Market-based social governance schemes that establish standards of conduct for producers and traders in international supply chains aim to reduce the negative socio-environmental effects of globalization. While studies have examined how characteristics of social governance schemes promote socially responsible producer behavior, it has not yet been examined how these same characteristics affect consumer behavior. This is a crucial omission, because without consumer demand for socially produced products, the reach of the social benefits is likely to be limited. We develop a comprehensive model that links two characteristics of market-based social governance schemes—(1) stringency and enforcement of requirements, and (2) promotion—to two conditions required for governance schemes to generate significant social benefits: (1) socially responsible behavior of participating firms; and (2) consumer demand for socially produced products which, in turn, expands products produced according to social governance schemes, and thus, the quantity of social benefits. We discuss market-based social governance schemes in the context of fair trade coffee.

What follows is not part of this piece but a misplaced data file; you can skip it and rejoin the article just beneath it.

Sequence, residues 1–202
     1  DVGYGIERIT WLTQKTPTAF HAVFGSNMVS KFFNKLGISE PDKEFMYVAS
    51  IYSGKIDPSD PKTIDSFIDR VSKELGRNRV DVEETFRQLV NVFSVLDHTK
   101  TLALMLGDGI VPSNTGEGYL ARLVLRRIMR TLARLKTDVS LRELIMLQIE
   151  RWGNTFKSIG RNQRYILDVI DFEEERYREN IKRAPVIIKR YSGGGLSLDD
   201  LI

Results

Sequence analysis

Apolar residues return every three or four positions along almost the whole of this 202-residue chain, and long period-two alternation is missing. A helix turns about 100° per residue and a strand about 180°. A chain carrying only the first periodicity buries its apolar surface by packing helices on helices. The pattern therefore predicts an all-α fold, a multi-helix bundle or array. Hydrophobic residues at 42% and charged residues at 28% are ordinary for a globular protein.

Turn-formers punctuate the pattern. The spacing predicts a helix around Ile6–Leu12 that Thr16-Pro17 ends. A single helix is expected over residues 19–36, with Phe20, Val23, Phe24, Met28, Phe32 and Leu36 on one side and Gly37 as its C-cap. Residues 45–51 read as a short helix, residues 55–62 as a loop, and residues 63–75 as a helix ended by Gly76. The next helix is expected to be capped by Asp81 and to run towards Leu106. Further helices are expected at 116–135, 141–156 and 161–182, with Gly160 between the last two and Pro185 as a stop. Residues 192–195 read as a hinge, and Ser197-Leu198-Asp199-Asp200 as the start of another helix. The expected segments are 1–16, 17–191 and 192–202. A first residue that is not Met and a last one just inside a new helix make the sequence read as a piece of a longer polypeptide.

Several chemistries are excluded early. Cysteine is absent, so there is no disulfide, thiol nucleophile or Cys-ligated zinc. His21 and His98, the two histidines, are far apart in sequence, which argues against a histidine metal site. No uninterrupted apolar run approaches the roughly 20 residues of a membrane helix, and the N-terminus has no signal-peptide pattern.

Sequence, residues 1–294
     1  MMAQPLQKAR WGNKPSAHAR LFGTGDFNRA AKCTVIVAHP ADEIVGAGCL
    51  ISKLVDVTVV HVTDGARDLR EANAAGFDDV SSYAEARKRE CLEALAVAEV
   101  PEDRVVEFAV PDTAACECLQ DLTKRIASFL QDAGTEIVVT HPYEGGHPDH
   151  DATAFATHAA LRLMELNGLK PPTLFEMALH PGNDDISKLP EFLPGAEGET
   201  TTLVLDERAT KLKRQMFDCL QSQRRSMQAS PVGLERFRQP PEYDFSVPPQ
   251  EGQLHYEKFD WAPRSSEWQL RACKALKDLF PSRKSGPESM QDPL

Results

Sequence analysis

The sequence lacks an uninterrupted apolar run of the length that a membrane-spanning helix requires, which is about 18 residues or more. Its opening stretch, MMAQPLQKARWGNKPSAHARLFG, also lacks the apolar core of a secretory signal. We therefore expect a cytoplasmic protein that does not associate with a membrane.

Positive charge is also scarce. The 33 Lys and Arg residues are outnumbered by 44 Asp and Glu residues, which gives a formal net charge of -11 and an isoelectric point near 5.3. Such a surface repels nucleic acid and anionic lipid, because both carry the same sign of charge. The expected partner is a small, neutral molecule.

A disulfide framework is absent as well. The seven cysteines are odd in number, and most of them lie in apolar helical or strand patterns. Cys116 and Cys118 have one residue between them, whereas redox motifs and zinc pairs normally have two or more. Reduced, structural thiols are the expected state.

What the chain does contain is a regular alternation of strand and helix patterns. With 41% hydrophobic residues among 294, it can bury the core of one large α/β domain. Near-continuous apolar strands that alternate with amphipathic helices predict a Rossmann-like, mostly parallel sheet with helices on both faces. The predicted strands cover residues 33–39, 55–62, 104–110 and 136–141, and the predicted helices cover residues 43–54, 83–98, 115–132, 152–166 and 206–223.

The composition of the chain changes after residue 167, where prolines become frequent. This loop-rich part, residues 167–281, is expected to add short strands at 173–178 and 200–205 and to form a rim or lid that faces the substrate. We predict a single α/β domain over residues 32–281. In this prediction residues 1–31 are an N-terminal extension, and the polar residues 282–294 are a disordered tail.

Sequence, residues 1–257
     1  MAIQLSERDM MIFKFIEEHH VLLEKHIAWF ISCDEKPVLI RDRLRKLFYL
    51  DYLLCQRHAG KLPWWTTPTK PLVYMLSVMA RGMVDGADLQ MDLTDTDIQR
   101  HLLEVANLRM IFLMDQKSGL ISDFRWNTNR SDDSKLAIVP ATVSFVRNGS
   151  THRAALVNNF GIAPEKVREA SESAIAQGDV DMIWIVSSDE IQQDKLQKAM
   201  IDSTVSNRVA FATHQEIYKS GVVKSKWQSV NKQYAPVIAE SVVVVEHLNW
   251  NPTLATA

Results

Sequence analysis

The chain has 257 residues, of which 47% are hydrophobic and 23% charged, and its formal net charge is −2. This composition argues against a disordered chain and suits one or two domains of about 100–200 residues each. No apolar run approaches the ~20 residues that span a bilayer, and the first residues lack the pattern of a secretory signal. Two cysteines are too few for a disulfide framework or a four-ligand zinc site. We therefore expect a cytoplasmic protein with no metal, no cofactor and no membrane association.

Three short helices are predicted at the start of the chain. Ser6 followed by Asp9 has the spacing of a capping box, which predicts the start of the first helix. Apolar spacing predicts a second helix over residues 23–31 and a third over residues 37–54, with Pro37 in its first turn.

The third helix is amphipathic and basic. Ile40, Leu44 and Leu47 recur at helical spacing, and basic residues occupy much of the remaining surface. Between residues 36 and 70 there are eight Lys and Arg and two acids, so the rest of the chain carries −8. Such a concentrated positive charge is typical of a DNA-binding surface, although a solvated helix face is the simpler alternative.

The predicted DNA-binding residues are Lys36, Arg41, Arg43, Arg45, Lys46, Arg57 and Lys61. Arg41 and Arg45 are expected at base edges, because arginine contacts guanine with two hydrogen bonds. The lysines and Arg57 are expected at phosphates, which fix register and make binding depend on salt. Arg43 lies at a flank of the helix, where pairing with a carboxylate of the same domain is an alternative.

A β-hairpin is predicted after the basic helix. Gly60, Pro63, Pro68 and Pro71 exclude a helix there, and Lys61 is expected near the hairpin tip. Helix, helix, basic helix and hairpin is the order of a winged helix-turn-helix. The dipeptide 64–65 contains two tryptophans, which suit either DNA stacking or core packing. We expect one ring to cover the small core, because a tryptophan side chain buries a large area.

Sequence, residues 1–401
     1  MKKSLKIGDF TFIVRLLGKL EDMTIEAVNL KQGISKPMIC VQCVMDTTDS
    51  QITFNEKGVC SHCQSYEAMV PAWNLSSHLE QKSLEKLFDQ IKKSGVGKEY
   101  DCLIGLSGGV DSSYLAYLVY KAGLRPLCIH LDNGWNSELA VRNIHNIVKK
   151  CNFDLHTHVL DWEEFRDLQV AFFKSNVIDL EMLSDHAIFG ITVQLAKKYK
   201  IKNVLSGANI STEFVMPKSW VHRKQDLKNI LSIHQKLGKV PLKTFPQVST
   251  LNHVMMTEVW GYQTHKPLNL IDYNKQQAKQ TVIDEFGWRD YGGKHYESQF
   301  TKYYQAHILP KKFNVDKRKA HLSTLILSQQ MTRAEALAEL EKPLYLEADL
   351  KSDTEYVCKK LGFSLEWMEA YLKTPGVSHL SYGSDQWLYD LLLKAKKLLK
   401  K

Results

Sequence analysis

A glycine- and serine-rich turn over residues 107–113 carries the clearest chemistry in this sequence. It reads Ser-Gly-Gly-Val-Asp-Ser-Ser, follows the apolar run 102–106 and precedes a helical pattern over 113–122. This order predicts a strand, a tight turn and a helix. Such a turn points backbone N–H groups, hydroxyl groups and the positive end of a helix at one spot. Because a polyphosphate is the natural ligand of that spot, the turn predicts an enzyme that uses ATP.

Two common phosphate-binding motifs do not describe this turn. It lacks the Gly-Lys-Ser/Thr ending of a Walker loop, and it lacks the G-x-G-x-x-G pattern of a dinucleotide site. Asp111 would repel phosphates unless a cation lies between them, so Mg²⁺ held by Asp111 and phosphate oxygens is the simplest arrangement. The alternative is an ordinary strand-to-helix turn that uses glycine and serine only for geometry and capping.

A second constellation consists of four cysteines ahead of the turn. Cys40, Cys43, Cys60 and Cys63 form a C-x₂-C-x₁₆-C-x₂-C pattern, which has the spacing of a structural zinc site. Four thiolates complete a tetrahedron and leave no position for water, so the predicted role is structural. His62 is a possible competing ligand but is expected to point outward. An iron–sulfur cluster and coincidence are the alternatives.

Comments on BEQ’s Twentieth Anniversary Forum on New Directions for Business Ethics Research
In 2010, Business Ethics Quarterly published ten articles that considered the potential contributions to business ethics research arising from recent scholarship in a variety of philosophical and social scientific fields (strategic management, political philosophy, restorative justice, international business, legal studies, ethical theory, ethical leadership studies, organization theory, marketing, and corporate governance and finance). Here we offer short responses to those articles by members of Business Ethics Quarterly’s editorial board and editorial team.